(i) To investigate the longer term feasibility of implementing the MoodCare program at 12 and 24 months follow-up.
Eligibility criteria includes: a clinical diagnosis consistent with that of ACS (MI [STEMI or non STEMI] or unstable angina confirmed by angiogram), aged 21-85 years, fluency in English, availability via the telephone for the duration of the study, and a Patient Health Questionnaire (PHQ9) score of 5-19. Patients are excluded if they are: participating in regular psychological therapy with a mental health professional at the time of admission for ACS, diagnosed with a psychiatric condition which may impact on involvement (including bipolar disorder, psychotic illness of any type, dementia, acute suicidality, severe personality disorder), cognitively impaired impacting on their ability to participate in the study, diagnosed with a terminal illness, or unable to participate in a tele-based unsupervised mood and lifestyle intervention as confirmed by the treating clinician.
We are screening more than 1600 patients over approximately 15 months from six metropolitan hospitals in Victoria and Queensland, Australia. Recruitment commenced in December 2009. All consenting patients are assessed for depression prior to hospital discharge using a psychometrically robust and valid instrument (PHQ9) . Patients with a PHQ9 score of 5-19 are eligible to participate. This scoring range was selected due to its high sensitivity and specificity, as opposed to the commonly used cut off of ≥ 10, which has comparable specificity (92% and 90%, respectively), but poorer sensitivity (39% and 54%, respectively) . Patients with a PHQ9 score <5 are provided with relevant feedback, reassurance and advice. Any persons indicating suicidal thoughts on PHQ9 and/or those with severe depression, as indicated by PHQ9 scores of 20-27, are referred for further assessment by a mental health professional and possible study exclusion. Algorithms are in place for patients assigned to the intervention whose condition deteriorates throughout the program, and who are no longer eligible or lost to follow up throughout the course of the trial.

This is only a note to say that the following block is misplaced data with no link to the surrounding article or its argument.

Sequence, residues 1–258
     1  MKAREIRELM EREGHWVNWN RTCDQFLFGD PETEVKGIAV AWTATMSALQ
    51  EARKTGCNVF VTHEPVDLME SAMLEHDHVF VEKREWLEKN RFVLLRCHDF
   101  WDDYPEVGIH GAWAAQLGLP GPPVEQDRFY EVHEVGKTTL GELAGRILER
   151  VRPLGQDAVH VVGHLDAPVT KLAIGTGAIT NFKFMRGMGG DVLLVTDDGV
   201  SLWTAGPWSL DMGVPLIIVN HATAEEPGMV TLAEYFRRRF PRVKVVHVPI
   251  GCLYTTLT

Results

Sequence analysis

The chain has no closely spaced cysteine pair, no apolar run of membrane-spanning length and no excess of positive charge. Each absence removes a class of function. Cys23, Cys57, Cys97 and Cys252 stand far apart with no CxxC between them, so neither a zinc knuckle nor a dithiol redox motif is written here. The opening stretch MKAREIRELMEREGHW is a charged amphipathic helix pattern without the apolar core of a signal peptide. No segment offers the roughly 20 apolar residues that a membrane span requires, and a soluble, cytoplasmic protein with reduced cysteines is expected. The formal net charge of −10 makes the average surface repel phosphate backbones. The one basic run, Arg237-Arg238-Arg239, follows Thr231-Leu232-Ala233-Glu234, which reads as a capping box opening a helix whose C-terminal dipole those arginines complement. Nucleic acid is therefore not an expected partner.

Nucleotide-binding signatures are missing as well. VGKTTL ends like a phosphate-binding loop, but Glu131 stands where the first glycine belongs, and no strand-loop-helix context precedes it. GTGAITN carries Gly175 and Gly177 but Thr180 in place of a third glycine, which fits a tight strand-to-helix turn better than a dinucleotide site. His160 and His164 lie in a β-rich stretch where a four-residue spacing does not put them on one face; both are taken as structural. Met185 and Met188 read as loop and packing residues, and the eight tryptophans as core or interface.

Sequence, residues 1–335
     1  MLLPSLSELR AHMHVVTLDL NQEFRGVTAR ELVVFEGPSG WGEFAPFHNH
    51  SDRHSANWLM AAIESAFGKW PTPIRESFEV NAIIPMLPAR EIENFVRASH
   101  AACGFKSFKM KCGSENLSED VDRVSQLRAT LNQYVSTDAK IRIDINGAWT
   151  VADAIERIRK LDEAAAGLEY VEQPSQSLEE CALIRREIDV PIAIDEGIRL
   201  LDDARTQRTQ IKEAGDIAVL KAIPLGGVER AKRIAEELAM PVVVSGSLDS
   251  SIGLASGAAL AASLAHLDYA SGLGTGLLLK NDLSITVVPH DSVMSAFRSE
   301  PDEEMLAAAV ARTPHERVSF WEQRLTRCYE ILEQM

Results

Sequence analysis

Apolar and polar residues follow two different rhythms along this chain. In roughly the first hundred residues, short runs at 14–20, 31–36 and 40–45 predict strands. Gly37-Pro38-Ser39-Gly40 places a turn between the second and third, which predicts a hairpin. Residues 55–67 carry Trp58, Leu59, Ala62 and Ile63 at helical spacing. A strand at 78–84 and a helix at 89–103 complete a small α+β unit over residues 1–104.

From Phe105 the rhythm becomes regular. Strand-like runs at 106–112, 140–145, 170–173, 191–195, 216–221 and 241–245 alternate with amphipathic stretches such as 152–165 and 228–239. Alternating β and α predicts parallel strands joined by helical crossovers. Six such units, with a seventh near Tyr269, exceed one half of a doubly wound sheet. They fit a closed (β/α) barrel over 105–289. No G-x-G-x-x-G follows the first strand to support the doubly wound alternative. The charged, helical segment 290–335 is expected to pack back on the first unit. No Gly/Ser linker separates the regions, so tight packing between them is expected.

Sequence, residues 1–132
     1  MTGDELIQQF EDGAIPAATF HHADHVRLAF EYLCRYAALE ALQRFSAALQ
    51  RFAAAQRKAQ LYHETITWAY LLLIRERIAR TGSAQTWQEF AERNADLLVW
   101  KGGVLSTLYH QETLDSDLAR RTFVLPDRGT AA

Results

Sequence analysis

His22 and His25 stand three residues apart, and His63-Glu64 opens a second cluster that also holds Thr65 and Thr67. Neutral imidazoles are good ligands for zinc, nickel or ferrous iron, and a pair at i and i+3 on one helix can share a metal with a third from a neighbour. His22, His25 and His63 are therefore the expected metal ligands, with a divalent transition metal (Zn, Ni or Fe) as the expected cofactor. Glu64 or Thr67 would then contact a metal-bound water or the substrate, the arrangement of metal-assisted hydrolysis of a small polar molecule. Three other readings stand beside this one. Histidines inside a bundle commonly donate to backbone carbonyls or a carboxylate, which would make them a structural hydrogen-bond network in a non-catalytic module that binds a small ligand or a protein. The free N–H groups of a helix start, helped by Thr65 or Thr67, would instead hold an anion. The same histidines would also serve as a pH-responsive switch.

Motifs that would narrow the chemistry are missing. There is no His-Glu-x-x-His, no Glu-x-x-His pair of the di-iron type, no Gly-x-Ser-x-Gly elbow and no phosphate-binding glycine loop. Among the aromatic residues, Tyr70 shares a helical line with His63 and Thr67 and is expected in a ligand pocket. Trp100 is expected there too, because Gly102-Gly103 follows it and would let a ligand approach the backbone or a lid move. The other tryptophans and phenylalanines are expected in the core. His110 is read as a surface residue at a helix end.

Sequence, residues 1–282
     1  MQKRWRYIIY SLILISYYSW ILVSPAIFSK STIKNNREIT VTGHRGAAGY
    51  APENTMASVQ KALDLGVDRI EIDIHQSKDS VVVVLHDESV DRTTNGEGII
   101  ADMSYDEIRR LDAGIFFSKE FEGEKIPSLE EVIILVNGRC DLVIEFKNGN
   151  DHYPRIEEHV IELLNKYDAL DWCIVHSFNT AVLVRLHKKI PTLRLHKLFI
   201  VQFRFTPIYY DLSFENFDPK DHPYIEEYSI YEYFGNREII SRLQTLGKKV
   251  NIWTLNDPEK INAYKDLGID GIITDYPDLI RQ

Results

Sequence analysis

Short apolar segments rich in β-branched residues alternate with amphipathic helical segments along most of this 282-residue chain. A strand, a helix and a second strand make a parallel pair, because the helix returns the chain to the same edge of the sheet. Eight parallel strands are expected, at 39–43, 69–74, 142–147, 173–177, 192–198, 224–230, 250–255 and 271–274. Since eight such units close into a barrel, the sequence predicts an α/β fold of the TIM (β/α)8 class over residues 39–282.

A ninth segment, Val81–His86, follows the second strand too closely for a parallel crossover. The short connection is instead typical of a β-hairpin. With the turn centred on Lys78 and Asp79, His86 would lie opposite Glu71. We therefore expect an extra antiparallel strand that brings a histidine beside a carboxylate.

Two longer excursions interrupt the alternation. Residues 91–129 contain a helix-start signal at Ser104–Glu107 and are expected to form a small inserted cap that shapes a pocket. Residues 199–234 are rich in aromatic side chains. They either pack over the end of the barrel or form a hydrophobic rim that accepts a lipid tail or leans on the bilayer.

Eligible participants are subsequently contacted by the research team via telephone within 1-2 weeks of discharge to complete Time 1 data collection. This includes a secondary assessment of depression in order to determine severity. Participants initially respond to a two item screening tool which has a positive endorsement of the first two PHQ items , before undertaking the full Composite International Diagnostic Interview (CIDI) assessment.
Anticipating an attrition rate of 20% throughout the study, n = 125 participants are required to achieve a final sample size of n = 100. Sample size analysis indicated that 50 subjects per group (intervention and control) or a total of 100 are required to complete the study in order to detect an absolute intervention effect with 80% power and type I error of 5% (two-tailed). Sample size was calculated based on an overall difference between participants in the intervention and control groups in the primary outcome measure of depression scores at 6 months, where a sample size of n = 100 was sufficient to detect a difference in mean CDS scores of 6.8, assuming a between-patient SD of 12 . Assuming persistence of effect to 12 months and a conservative correlation of 0.30 between baseline, 6 months and 12 months CDS scores, a pooled analysis at 6 and 12 months will have 80% power to detect a difference of 5.1 units (a change score of 5 on the CDS is considered clinically meaningful).